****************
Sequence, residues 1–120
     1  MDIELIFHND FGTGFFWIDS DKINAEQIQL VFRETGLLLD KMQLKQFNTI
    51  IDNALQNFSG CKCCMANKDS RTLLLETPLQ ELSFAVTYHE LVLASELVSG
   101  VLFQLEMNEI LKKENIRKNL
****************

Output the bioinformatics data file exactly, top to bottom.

Sequence, residues 1–120
     1  MDIELIFHND FGTGFFWIDS DKINAEQIQL VFRETGLLLD KMQLKQFNTI
    51  IDNALQNFSG CKCCMANKDS RTLLLETPLQ ELSFAVTYHE LVLASELVSG
   101  VLFQLEMNEI LKKENIRKNL